Millions of Students Are Chronically Absent Each Year. Improve School Conditions and More Kids Will Show Up, Report Argues
This week, the American Institutes for Research and Attendance Works released a new report on the issues contributing to student chronic absenteeism (students missing more than 18 days of school a year). In it, the authors zoom in on the factors that affect student attendance, factors both inside the school building and out. The report also makes recommendations for encouraging attendance, including the development of a welcoming and safe environment for students, strong relationships between adults and students, and increased access to engaging learning opportunities.
The education news website, The 74 highlighted key takeaways from the report:
An obvious educational rule of thumb is that in order for students to learn at school, they first have to show up.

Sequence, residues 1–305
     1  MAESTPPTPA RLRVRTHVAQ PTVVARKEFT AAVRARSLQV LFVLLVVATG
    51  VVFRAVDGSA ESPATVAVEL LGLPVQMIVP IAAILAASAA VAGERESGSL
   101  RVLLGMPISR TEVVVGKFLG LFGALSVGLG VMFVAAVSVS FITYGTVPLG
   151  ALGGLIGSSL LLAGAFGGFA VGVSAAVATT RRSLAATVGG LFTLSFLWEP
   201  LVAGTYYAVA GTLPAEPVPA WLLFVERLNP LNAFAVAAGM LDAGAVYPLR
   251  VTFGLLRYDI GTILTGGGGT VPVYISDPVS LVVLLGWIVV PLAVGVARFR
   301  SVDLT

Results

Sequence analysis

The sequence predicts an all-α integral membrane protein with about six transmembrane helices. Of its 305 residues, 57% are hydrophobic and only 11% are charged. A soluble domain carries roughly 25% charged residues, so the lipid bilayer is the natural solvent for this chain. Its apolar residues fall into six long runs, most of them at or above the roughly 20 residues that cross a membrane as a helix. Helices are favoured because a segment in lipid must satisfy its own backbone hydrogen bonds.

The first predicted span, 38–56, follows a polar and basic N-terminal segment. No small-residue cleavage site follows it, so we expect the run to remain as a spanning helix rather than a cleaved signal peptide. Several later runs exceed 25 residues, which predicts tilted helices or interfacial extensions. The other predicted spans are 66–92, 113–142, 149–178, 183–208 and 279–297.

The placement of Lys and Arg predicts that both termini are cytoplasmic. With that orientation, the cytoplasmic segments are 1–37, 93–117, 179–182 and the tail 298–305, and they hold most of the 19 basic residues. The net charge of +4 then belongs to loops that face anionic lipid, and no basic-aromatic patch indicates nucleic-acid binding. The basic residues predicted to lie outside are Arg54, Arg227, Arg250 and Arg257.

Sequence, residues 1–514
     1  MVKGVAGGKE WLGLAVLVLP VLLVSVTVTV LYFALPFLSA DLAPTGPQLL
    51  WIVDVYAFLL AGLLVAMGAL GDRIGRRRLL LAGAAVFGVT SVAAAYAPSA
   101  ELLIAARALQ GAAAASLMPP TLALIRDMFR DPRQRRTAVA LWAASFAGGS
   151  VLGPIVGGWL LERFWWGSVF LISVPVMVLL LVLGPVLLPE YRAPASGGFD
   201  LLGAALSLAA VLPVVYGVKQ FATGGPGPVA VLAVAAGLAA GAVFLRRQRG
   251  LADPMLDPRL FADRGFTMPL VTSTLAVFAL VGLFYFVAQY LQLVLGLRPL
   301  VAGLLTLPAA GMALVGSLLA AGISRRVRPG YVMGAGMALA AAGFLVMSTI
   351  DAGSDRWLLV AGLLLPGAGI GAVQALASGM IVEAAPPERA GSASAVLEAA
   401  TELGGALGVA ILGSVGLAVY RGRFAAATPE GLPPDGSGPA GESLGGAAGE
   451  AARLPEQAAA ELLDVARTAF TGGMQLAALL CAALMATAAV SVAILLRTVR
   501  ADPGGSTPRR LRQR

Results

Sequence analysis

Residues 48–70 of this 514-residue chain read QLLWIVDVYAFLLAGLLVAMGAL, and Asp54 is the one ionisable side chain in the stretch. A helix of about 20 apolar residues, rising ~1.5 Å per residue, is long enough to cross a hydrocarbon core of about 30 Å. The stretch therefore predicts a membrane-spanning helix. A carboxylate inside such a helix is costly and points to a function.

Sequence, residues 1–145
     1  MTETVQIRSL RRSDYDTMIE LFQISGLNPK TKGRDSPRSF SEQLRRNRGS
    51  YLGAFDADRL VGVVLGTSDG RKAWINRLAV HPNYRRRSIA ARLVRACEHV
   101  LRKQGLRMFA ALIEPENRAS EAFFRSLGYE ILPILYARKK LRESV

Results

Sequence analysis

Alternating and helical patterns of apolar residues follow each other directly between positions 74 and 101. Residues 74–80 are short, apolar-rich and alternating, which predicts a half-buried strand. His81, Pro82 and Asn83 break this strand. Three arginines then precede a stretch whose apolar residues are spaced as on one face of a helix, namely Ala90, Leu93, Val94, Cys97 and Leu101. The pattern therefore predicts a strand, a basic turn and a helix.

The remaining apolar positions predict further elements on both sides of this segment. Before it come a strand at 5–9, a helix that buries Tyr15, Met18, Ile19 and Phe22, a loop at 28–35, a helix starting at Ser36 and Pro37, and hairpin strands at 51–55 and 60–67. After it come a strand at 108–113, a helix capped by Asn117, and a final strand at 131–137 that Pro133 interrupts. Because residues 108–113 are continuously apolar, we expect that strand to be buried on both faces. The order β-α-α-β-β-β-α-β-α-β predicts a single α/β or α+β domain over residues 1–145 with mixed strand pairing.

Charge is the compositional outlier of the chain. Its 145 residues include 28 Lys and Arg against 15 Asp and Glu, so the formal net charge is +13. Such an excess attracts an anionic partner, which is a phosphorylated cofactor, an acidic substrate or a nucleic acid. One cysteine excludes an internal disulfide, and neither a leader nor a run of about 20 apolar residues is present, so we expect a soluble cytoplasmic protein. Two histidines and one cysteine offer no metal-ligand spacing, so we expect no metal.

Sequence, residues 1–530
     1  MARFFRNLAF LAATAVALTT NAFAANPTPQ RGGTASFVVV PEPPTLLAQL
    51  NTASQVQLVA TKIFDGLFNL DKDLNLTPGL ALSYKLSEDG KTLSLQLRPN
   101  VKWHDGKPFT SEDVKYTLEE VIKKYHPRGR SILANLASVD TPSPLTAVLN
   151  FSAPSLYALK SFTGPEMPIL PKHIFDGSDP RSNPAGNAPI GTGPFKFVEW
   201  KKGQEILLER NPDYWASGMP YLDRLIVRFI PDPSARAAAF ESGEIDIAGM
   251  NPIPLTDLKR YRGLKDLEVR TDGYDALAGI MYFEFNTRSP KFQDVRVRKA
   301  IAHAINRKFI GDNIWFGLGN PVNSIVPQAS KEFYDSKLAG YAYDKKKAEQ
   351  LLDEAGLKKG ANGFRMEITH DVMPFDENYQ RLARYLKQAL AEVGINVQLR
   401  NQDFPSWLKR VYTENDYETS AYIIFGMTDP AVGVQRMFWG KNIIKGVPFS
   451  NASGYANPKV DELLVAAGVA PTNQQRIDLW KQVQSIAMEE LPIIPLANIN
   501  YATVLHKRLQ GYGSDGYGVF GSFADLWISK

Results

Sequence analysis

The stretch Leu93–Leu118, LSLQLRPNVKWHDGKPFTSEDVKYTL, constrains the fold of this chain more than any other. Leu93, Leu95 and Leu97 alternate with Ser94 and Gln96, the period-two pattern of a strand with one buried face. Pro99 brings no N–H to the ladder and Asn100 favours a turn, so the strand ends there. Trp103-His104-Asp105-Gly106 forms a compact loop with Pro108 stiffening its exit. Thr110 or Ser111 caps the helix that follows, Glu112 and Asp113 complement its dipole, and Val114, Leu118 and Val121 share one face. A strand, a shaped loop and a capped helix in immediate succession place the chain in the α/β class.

But with millions of children counted “chronically absent” each year, a new report argues that educators can improve attendance by first making their schools more welcoming places to attend.
The report, released Tuesday by the American Institutes for Research and Attendance Works, argues that schools can improve student attendance if children feel safe and included at school. A comprehensive strategy to improve students’ health and safety, sense of belonging, emotional well-being and academic engagement are all key to combating chronic absences, according to the report.
Those elements work together to “pull people in or push them out,” said David Osher, vice president at the American Institutes for Research and a co-author of the report.
“You want school to be a place people want to be,” he said. “For too many students, particularly too many students who face economic disadvantage and often are culturally marginalized, what they experience in school tends to not be highly engaging.”
Chronic absenteeism challenges Metro Nashville Public Schools, particularly at the high school level. A third—and in some schools, even more— of MNPS high school students miss at least 18 days of school per year. If our goal is to see all Nashville students receive a high-quality education, we must contend with the factors that keep students out of the classroom.